Homeowner Helpers: 6 early summer home maintenance tasks

Homeowner HelpersIt’s time for early summer home maintenance tasks to keep the place you love operating smoothly. The good news is, we’ve come up with 6 that are easy to do, so you can spend the rest of your time on more important things like relaxing.

Why not schedule one a day? In less than a week, they’ll be done, and you’ll be chilling with a cool beverage.

Chimney cleaning: It’s true; you won’t need your fireplace or furnace for at least three months. That’s why now is the perfect time to get the chimney cleaned, when the professionals are available. If you have a wood stove, remember to get a certified WETT (Wood Energy Technology Transfer) specialist to do the job; he or she can also inspect your appliance and chimney for safety.


Ceiling fans: If they are turning clockwise, they’re going in the wrong direction. Ceiling fans should turn counterclockwise in the summer to provide a cooling breeze. Reverse the direction in the fall. Learn more about ceiling fan operation and installation.

Sump pump: If you didn’t test your sump pump in the early spring, do it now as part of your early summer home maintenance routine. With climate change, intense rainfalls are becoming more common. You don’t want to find out that your pump isn’t functioning just when you need it.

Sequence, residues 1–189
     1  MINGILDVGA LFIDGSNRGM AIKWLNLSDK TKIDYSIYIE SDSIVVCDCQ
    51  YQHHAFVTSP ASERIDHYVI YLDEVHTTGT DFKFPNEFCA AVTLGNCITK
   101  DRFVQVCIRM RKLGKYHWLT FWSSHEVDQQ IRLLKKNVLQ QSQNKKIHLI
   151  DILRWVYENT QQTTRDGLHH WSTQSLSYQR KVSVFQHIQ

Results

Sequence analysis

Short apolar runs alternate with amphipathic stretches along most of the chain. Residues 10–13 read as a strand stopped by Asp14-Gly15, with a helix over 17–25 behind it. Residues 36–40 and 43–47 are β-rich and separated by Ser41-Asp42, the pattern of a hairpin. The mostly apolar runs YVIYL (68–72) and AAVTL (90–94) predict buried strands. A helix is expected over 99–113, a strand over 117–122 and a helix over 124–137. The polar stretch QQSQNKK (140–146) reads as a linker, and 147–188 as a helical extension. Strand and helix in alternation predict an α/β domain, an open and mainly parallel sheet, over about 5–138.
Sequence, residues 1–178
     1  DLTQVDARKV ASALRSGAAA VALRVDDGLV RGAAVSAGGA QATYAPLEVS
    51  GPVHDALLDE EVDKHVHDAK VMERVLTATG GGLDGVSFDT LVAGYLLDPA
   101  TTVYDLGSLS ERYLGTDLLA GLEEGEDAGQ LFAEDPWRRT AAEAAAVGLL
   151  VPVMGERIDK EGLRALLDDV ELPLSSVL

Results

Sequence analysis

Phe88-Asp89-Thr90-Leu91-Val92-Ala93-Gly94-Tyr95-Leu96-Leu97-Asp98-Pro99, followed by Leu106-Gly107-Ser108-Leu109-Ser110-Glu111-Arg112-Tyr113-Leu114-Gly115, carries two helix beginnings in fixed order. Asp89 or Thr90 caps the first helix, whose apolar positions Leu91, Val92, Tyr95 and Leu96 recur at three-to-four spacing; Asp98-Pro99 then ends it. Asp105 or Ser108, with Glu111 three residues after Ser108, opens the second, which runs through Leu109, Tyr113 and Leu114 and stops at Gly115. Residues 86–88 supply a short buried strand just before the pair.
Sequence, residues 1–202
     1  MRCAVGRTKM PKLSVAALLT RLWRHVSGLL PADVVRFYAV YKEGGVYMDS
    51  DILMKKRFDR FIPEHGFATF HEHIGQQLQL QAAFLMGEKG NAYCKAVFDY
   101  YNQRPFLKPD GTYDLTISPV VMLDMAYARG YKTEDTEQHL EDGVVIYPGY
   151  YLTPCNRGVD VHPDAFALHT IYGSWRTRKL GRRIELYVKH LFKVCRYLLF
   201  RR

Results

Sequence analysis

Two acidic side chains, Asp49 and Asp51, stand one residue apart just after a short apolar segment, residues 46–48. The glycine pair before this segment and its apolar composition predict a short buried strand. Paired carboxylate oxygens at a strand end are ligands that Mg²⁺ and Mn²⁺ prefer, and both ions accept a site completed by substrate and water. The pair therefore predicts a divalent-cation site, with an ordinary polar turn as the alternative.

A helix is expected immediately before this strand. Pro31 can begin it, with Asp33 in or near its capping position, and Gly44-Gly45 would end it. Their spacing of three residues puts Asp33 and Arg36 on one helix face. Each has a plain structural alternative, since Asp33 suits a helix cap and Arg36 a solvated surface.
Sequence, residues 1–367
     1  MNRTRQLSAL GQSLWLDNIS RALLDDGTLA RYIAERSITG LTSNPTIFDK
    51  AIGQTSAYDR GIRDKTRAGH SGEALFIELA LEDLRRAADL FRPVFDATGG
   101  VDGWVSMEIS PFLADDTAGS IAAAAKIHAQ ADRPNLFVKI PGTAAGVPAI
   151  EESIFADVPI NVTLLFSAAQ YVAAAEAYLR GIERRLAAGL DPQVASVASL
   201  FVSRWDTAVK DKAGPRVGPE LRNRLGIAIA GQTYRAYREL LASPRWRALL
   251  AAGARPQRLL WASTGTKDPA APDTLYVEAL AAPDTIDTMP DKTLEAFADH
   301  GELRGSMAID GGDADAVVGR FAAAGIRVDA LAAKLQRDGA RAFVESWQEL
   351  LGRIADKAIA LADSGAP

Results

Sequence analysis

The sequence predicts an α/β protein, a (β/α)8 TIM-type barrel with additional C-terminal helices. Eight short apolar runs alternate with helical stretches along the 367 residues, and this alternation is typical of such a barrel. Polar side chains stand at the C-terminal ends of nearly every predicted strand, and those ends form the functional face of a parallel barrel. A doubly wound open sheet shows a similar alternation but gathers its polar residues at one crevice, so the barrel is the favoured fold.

Smoke and carbdetectors: These should be tested monthly to help keep your family safe and your home protected. In fact, a study found Canadian homes with at least one functional smoke alarm are 49 per cent less likely to have fatality in the event of a fire. Find out more about testing here.


Mulch: Save water, reduce weeding and keep the soil friable by applying 4 to 5 inches of mulch to your gardens. Good quality mulch will need only a refresher topping next year. Find it at Ritchie Feed & Seed or other garden centres.

Outdoor play equipment: Periodically check play structures and other outdoor equipment for stability. Are pieces loose or damaged? Are wooden parts showing signs of rot or excessive wear or splinters? Are all bolts snug and safety bars in place? For more, check these playground safety tips from the Canada Safety Council.

Got a maintenance task you’re not sure how to do?
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